Please describe your company and your main job function.
I am CTO of Kooaba AG, a technology startup based in Switzerland. Our main competency lies in image recognition around which we offer end-user services for mobile visual search. Our services make digital images smarter and enables you to save, share, find, and remember the things you see. To that end we offer a client for iPhone and Android phones, as well as a web-platform, the kooaba library. Currently, our iPhone app has had 6 digit download numbers.
Why did you choose Amazon Web Services to power your mobile application?
Our image recognition service for the iPhone app consists of a massive, server-side image search engine. When you take a picture of say a CD cover with the kooaba iPhone app, it is transmitted to this image search engine, the object (CD cover) is recognized and information about it is returned to the user. We are currently extending this service to recognize print media (magazines, newspapers) very soon, as well as landmark buildings and scenery in the not too far future. All of this requires massive processing power and scalability, which is why we chose Amazon EC2 to run our services.
How have you incorporated AWS as part of your architecture? What services are you using and how?
We just published a blogpost on this, I’ll reuse it here:
Obviously, when rolling out such a system as a product, you need significant hardware resources. The database/index is, even early on, too large to fit into the RAM on a standard server, and CPU demands are very high also. Problems obviously get worse, when you have to handle many users, since you have to replicated the whole structure to handle the load in parallel. This used to mean a lot of upfront investment in hardware – which is a problem for any startup.
Thus, we at kooaba, knew from the moment cloud computing offers started appearing a few years ago, that it would be a crucial success factor for us. In particular Amazon EC2 caught our eye. We made it a central part of our technology strategy.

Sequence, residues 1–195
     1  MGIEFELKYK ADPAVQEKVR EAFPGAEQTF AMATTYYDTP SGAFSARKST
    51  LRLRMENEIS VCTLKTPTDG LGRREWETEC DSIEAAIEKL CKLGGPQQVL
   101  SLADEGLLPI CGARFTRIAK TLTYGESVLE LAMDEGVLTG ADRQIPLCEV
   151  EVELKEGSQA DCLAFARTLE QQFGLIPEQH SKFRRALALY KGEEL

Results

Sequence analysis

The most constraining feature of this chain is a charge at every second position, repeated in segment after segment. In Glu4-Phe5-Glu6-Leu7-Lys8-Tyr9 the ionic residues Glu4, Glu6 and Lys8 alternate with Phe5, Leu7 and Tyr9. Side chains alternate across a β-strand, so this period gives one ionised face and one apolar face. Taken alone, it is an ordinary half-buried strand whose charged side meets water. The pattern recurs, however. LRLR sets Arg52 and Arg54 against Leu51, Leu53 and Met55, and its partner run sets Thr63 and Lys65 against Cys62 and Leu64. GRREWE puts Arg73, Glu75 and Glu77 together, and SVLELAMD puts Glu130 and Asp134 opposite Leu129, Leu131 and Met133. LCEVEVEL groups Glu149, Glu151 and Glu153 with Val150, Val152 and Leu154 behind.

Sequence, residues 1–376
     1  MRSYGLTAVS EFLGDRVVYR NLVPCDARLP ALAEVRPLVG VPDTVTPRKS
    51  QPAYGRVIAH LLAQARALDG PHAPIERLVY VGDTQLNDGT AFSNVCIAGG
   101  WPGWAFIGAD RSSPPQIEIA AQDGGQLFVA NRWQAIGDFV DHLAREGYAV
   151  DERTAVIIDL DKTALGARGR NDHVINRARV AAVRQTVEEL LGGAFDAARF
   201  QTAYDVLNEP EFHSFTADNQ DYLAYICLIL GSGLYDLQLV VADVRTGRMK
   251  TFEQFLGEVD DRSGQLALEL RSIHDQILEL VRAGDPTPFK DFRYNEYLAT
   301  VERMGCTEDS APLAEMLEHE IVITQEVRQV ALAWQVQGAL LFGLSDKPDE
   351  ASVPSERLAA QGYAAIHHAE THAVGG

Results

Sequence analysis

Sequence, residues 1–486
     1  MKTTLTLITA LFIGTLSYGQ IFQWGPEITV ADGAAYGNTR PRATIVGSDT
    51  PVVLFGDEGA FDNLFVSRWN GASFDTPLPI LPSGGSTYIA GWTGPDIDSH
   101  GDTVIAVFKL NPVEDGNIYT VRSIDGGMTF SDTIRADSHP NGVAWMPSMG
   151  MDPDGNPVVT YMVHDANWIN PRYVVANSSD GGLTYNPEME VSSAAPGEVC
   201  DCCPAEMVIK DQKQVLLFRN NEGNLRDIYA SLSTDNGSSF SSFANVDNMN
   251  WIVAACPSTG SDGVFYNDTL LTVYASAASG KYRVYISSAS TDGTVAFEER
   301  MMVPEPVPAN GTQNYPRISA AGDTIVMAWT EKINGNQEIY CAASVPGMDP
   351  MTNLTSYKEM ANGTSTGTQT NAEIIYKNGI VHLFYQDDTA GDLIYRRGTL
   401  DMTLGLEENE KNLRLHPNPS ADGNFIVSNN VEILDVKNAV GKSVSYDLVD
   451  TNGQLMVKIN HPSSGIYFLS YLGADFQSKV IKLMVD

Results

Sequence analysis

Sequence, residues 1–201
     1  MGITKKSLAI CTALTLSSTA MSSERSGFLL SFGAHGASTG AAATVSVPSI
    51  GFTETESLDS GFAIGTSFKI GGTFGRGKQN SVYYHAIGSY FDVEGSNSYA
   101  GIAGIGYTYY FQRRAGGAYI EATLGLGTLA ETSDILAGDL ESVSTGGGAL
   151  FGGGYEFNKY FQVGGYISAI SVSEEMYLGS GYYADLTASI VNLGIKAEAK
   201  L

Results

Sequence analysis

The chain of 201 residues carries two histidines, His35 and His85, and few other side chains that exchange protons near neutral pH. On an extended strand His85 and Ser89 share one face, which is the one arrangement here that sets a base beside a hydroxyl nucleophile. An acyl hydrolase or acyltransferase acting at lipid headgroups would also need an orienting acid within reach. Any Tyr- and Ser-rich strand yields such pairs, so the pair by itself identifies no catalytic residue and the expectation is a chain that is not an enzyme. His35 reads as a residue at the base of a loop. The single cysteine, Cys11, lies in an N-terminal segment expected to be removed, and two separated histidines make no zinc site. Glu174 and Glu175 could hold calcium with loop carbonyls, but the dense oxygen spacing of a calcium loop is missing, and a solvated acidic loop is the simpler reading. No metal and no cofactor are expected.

Today, we have deployed a system which recognizes X million items. The architecture is shown here:
We run our own local servers, which handle incoming traffic from our mobile applications (iPhone and Android) and also serve dynamic web-pages for search results, the kooaba library, content and data management etc. However, the complete image recognition is deployed on a set of servers on Amazon EC2. Due to the demanding nature of our search engine we rely on large instance types. (Also, we were very glad when Reserved Instances were announced, to cut our costs further). The instances run our custom images with our proprietary search software written in C++ on Ubuntu Linux.
Requests are distributed to the instances in the Amazon cloud, and collected and aggregated at our local servers.
In addition to the image search we also run Apache SOLR for full text search functions in the kooaba library. The text index is stored on Elastic Block Store and backed-up to S3 using snapshots triggered by cron tasks.
How has AWS helped you succeed?
Using Amazon Web Services such as EC2 helps us to scale without significant upfront investments in hardware. This is extremely valuable to any startup. Furthermore, the tools offered by AWS turned out to be very well documented, easy to use, and reliable, which made working with them very productive.
Do you have any future plans to incorporate other AWS solutions or use these services in other ways?
We are currently considering moving web applications (written in Ruby on Rails), relational databases, and potentially even other parts of the infrastructure to EC2. Overall, we are very hesitant in buying our own hardware and compared with cloud computing offers not only for computation, but also for storage.
Beyond this, we are also interested in using Amazon Elastic MapReduce, Autoscaling, and Mechanical Turk for some future services.
To learn more about Kooaba, visit www.kooaba.com/ .